Mountain Bluebirds

Mountain Bluebirds

Badland's Beauties

When traveling through Western North Dakota a flash of blue can occasionally be seen as a mountain bluebird flies by.  They are early to arrive in the spring and late to leave in the fall.  They can hover in mid air to find insects on the ground or catch them in mid flight.

Mountain bluebirds are the state birds of Idaho and Nevada. They can live 6 to 10 years in the wild.  They are omnivores and eat spiders, grasshoppers, flies and other insects, and small fruits. The mountain bluebird is a relative of the eastern and western bluebirds.

Seven Reasons to Love Mountain Bluebirds

1.  They are blue- Blue is a color not often seen in nature where greens and brown predominate, the exception being the brilliant blue sky.  Blue animals in the rural west are not common- blue jays, great blue herons, lazuli and indigo buntings and the mountain bluebird.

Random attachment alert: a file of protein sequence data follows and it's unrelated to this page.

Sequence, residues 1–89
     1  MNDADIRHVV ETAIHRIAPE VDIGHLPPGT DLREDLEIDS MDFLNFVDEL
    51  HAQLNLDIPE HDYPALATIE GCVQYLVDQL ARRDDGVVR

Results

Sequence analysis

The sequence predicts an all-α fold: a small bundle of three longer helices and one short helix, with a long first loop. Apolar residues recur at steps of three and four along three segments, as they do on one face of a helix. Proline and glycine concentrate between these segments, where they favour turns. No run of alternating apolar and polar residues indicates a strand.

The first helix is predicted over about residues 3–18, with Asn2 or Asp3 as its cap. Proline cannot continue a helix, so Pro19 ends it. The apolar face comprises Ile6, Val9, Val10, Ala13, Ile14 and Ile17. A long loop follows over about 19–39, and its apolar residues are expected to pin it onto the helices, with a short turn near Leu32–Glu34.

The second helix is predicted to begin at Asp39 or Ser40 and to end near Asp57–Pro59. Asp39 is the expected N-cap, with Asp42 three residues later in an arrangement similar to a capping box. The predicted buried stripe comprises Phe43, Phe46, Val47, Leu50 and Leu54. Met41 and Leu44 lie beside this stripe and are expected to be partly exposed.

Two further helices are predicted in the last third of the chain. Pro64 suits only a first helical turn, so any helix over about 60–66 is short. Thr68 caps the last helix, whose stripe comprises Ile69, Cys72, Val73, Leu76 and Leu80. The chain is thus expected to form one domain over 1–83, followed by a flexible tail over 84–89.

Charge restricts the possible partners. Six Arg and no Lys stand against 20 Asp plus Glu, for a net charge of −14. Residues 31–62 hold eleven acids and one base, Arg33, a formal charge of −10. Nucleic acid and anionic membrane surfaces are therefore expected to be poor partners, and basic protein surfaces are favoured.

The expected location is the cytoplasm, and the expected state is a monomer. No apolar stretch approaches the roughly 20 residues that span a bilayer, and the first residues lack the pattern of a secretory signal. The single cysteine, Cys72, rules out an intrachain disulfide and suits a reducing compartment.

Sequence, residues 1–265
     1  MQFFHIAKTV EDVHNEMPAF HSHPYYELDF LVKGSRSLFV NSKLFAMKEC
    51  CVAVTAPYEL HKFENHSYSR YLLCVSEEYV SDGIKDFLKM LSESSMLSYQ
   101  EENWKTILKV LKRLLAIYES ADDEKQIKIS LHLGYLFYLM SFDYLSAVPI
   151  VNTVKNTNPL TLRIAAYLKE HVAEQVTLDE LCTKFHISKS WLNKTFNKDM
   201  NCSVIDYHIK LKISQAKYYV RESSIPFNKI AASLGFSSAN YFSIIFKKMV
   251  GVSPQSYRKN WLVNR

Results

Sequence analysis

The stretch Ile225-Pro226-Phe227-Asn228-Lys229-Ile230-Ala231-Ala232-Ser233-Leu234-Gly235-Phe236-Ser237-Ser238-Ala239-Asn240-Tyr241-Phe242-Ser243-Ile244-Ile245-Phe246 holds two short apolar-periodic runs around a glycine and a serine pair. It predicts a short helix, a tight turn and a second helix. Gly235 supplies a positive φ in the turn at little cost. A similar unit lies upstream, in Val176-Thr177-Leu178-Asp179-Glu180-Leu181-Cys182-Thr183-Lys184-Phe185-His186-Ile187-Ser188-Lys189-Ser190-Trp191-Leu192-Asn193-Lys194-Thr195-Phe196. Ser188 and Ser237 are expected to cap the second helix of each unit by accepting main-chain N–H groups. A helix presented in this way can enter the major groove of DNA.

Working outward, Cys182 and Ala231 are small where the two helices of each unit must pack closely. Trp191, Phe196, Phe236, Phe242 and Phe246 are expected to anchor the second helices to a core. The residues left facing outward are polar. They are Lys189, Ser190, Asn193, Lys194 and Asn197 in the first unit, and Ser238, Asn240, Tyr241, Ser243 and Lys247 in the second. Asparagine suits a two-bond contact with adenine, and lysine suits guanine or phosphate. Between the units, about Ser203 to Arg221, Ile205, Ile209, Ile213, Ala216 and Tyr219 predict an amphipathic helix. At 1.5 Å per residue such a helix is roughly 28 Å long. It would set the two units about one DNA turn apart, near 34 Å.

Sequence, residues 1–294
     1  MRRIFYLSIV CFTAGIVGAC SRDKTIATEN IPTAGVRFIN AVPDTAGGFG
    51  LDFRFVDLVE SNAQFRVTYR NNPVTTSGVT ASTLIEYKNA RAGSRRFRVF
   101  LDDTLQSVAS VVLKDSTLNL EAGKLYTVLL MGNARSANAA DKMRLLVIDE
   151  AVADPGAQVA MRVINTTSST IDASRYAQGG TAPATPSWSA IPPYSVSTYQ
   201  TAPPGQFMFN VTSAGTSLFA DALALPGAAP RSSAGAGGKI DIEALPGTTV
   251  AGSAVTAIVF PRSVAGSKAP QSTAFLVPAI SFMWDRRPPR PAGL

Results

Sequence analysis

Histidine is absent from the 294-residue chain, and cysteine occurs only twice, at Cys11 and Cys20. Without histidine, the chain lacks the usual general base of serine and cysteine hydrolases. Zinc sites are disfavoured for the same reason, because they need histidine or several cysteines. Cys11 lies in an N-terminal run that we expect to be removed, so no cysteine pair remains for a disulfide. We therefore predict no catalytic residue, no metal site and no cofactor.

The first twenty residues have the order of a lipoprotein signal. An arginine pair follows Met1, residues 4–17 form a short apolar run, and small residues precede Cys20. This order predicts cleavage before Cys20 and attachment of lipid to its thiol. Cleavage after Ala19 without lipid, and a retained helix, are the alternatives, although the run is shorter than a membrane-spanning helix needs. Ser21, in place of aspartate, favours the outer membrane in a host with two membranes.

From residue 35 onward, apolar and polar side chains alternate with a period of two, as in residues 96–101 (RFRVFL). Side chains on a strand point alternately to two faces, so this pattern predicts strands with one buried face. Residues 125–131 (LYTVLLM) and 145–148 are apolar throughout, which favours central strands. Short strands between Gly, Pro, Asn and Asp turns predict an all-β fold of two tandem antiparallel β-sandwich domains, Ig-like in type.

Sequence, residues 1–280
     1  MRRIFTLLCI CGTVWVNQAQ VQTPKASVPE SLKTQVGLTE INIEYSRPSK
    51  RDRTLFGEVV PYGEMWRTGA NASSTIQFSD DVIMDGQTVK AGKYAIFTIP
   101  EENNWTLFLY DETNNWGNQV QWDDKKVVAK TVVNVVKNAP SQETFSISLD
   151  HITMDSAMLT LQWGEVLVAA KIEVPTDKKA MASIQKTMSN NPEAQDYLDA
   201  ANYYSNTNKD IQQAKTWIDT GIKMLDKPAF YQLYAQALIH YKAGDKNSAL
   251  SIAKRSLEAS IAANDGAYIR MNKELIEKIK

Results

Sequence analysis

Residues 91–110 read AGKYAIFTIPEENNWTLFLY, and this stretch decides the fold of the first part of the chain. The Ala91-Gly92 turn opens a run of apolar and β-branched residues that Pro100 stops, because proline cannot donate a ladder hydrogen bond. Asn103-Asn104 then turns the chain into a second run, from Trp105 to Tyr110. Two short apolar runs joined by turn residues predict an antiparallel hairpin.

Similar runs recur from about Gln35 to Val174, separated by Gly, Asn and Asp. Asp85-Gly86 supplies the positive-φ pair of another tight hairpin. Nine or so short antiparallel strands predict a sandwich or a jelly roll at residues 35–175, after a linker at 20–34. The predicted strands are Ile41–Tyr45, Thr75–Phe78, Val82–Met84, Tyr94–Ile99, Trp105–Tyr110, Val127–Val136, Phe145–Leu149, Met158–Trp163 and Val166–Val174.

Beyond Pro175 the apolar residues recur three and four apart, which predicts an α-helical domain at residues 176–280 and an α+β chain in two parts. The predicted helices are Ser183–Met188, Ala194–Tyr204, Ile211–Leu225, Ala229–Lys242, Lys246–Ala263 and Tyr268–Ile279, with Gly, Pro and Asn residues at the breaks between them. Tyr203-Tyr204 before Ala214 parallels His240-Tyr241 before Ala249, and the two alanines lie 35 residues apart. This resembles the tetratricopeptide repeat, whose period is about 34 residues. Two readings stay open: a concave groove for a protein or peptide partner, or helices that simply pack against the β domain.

2.  They are not just blue but several shades of blue including turquoise

3.  You can see them! They perch on dead trees, junipers and buttes

4.  They hover and can fly in place when searching for food and resemble the American kestrel with this ability

5.  They nest in cavities that can be seen and are not hidden by leaves

6.  You can see the difference between the Mommy and Daddy mountain bluebirds.  Moms have grey heads and chests and grey blue wings.  Dads have dark or turquoise blue heads and wings with a lighter blue chest.

7.  They are monogamous.  Moms and Dads work hard to feed their babies.  Dads first come in the Spring and pick out a nest but the Mom will improve the nest.  Dads will feed the Moms when she is sitting on their eggs.  After 14 days of incubation, 4 to 8 babies will be born.  After 21 days of feeding, the babies are able to leave the nest (fledged).  The babies will spend several weeks or longer with their parents before becoming independent. Both Moms  and Dads fiercely protect the nest.

Enjoy these photos of these wonderful birds.

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